“A detailed and fascinating account” of a little known WWII showdown in Belgium between the British Expeditionary Force and the German army (Barnsley Chronicle). This is an important reassessment of a critical period in the British Expeditionary Force’s fight against the German armies invading France in 1940. On May 25, Lord Gort, the British commander, took the decision to move 5th Division north in order to plug a growing gap in his army’s eastern defenses. Over the next three days the division fought a little-known engagement, the Battle of the Ypres-Comines Canal, to hold the Germans at bay while the rest of the BEF retreated toward Dunkirk. The book describes the British Army of 1940 and outlines the early stages of the campaign before explaining the context of Gort’s decision and why it was made. Then, using British and German sources, it shows how the British doggedly defended their line against heavy German attacks, and demonstrates that the Expeditionary Force was far more than the badly equipped and undertrained army many historians have represented it as. This fresh look at the campaign also casts new light on other aspects such as the impact of the Luftwaffe and the Dunkirk evacuation itself. “This book is important for all those interested in the fighting which proceeded the general retreat to and evacuation from Dunkirk. The author has trawled numerous archival sources, which are well cited in this elegantly produced book.” —Journal of the Society for Army Historical Research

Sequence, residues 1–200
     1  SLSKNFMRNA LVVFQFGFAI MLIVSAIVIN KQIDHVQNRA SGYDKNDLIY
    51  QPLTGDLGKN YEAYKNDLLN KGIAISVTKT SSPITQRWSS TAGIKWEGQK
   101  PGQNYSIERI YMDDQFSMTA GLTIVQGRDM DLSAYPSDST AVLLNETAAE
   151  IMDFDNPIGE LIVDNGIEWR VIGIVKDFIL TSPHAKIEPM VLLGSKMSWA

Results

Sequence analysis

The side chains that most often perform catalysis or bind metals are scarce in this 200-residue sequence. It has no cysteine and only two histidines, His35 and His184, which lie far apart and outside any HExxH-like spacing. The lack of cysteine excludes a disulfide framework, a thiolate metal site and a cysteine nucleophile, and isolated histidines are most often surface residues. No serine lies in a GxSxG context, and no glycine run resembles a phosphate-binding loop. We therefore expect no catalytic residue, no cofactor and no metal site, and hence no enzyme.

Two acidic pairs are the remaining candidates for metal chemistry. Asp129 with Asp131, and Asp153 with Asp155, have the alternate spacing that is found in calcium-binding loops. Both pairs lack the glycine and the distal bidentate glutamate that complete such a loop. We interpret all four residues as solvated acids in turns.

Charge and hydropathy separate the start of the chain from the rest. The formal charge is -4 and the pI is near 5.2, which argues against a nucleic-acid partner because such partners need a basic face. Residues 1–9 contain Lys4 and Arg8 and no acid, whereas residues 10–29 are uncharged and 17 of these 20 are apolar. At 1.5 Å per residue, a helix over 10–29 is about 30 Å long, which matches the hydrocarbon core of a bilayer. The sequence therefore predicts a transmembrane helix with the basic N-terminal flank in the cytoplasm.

Author: Hugh Sebag-MontefiorePublish On: 2007-05-31
Also Map 1) While the French Cavalry Corps was commencing its battle against
German tanks near Hannut, Britain's Advanced Air Striking Force made a valiant
attempt to cut the 3rd and 4th Panzer Divisions' lines of communication by ...
Author: Hugh Sebag-Montefiore
Publisher: Penguin UK